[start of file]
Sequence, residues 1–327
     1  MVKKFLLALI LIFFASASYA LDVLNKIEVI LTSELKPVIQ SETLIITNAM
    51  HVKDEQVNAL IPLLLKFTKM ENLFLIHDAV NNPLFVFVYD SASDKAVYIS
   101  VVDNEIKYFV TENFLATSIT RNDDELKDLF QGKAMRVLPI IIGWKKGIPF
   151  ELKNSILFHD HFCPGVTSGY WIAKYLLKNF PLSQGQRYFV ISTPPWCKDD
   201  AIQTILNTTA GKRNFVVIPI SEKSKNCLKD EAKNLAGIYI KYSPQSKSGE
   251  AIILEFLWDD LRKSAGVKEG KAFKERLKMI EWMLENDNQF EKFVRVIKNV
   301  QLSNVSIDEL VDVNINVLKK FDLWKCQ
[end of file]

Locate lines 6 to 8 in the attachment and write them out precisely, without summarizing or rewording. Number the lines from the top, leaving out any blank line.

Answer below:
   201  AIQTILNTTA GKRNFVVIPI SEKSKNCLKD EAKNLAGIYI KYSPQSKSGE
   251  AIILEFLWDD LRKSAGVKEG KAFKERLKMI EWMLENDNQF EKFVRVIKNV
   301  QLSNVSIDEL VDVNINVLKK FDLWKCQ